Sarah said: “The results of first consultation have been completely ignored. The vast majority of respondents made it clear they supported age 11-16 secondary provision at Rydon but this has not been included as an option on the second consultation.
“In addition, all of the public consultation meetings have been arranged at an inconvenient time for parents – early evening – and have also clashed with other important school meeting such as the Year 8 options evening.”
One of the main reasons given for the proposed changes was the need to cut out the middle school stage so children only had to make one change between primary and secondary school.
In the county council’s consultation document it states: “National research, which is supported by evidence in West Sussex, shows that children make better progress if the number of transitions a child has to make is minimised.”
Why then, parents have argued, would it be acceptable for Steyning Grammar (SGS) to open a site at Rydon where children in Years 7 and 8 would be taught before heading over to the main school in Year 9?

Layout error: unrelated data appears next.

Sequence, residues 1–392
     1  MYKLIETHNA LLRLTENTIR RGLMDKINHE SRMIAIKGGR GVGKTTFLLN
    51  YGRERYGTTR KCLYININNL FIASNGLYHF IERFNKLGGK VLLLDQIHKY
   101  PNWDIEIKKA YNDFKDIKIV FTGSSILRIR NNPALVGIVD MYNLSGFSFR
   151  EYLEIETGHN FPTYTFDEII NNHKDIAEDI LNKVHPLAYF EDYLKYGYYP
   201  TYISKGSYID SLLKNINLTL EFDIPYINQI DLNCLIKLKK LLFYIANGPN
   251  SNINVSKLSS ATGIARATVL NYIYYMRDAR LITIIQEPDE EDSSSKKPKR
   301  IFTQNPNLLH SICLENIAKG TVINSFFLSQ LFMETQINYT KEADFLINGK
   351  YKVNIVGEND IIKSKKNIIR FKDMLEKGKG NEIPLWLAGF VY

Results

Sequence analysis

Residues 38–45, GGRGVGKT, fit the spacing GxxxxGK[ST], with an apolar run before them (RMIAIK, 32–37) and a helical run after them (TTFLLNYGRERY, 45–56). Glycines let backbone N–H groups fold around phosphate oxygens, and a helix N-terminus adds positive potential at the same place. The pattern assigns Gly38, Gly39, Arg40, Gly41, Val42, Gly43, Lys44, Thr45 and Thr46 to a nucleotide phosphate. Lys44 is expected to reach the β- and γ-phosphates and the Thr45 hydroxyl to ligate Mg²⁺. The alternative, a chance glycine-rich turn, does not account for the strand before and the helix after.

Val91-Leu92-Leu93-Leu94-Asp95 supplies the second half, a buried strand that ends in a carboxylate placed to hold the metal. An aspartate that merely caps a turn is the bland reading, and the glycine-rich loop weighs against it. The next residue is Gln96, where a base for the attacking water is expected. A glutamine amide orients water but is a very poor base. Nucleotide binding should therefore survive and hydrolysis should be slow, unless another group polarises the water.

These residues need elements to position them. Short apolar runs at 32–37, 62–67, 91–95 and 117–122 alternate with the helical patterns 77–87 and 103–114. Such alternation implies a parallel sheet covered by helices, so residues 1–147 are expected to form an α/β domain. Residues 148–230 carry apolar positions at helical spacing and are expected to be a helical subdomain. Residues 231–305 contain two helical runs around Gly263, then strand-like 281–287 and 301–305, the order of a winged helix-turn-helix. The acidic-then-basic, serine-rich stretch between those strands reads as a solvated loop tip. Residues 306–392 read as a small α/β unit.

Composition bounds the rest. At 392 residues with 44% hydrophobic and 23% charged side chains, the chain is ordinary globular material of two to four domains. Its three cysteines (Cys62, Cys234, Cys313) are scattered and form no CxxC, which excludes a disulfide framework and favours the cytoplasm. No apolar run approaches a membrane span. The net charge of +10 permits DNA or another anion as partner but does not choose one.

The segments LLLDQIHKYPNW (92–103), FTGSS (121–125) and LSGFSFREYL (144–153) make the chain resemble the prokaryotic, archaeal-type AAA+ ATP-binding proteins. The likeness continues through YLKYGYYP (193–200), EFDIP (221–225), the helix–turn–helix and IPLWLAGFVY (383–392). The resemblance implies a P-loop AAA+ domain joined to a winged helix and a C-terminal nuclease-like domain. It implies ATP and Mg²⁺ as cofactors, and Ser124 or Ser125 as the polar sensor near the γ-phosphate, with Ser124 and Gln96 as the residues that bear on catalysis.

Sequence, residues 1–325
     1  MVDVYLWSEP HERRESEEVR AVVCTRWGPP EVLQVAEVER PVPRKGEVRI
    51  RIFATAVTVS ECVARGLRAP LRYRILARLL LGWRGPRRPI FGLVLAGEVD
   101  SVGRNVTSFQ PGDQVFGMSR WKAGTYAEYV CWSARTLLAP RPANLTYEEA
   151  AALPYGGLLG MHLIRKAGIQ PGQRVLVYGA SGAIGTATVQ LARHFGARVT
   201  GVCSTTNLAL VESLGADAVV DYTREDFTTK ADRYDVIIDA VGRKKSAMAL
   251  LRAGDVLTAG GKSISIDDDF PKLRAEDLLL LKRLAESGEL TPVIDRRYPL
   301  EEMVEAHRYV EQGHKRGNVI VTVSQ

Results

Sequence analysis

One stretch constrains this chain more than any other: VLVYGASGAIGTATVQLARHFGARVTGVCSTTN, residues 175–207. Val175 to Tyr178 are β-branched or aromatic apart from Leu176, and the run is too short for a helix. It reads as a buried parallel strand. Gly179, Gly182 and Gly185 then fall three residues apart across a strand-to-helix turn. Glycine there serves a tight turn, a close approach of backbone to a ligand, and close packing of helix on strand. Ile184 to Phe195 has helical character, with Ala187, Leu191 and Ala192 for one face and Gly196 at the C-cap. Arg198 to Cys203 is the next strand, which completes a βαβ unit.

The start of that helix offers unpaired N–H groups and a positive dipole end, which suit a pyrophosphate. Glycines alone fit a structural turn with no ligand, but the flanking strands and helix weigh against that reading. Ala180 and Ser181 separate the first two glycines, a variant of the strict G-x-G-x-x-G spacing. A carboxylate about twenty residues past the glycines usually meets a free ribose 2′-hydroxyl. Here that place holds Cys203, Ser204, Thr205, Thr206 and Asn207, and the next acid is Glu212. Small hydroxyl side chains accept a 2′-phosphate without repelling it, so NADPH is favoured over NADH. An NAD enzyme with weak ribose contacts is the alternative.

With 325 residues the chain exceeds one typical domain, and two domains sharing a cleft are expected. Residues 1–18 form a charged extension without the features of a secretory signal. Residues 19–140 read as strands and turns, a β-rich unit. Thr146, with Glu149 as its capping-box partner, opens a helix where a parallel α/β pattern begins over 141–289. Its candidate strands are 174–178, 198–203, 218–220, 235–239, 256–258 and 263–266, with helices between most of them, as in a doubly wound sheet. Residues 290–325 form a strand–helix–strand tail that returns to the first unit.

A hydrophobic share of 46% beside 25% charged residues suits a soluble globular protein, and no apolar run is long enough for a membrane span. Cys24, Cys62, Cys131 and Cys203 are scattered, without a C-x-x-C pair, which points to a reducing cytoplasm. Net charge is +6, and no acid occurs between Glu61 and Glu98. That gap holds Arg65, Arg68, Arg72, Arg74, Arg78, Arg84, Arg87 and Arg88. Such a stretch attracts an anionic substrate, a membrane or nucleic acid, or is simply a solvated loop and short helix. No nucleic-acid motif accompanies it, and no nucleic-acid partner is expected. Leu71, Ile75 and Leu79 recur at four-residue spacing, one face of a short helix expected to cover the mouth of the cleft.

One parent said: “Children in the STARS area will leave primary school to the Steyning annexe site wearing a blue SGS jumper for those two years then moving to a new site over seven miles away.
“This is still two transitions not one! The whole aim of the phase 1 consultation was to reduce transitions. These proposals have not done that.”
Rydon has been keen to expand from its current format – in which it educates children from Year 6 to Year 8 – to become an 11-16 secondary school, which would cut out one of the transitions.
The county council, though, dismissed that option citing financial pressures, a lack of foreseeable demand for places and the impact the opening of such a school would have on other secondary schools, such as Steyning Grammar.